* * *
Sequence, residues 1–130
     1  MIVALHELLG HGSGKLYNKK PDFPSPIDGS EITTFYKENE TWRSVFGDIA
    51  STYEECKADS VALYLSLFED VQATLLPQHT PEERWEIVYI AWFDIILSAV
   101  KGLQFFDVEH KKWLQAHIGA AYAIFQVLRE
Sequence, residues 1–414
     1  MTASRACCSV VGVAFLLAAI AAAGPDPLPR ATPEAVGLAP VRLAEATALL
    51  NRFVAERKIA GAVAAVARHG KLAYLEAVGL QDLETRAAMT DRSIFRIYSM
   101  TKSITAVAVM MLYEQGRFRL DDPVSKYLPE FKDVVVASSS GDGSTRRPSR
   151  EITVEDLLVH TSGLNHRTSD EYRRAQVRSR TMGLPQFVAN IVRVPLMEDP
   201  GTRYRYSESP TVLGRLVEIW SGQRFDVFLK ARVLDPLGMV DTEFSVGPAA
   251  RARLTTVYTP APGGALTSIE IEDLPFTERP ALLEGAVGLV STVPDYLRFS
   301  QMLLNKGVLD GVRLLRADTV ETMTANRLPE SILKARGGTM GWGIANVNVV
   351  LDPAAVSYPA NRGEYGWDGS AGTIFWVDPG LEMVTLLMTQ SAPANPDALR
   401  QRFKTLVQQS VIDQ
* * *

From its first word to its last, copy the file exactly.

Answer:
Sequence, residues 1–130
     1  MIVALHELLG HGSGKLYNKK PDFPSPIDGS EITTFYKENE TWRSVFGDIA
    51  STYEECKADS VALYLSLFED VQATLLPQHT PEERWEIVYI AWFDIILSAV
   101  KGLQFFDVEH KKWLQAHIGA AYAIFQVLRE
Sequence, residues 1–414
     1  MTASRACCSV VGVAFLLAAI AAAGPDPLPR ATPEAVGLAP VRLAEATALL
    51  NRFVAERKIA GAVAAVARHG KLAYLEAVGL QDLETRAAMT DRSIFRIYSM
   101  TKSITAVAVM MLYEQGRFRL DDPVSKYLPE FKDVVVASSS GDGSTRRPSR
   151  EITVEDLLVH TSGLNHRTSD EYRRAQVRSR TMGLPQFVAN IVRVPLMEDP
   201  GTRYRYSESP TVLGRLVEIW SGQRFDVFLK ARVLDPLGMV DTEFSVGPAA
   251  RARLTTVYTP APGGALTSIE IEDLPFTERP ALLEGAVGLV STVPDYLRFS
   301  QMLLNKGVLD GVRLLRADTV ETMTANRLPE SILKARGGTM GWGIANVNVV
   351  LDPAAVSYPA NRGEYGWDGS AGTIFWVDPG LEMVTLLMTQ SAPANPDALR
   401  QRFKTLVQQS VIDQ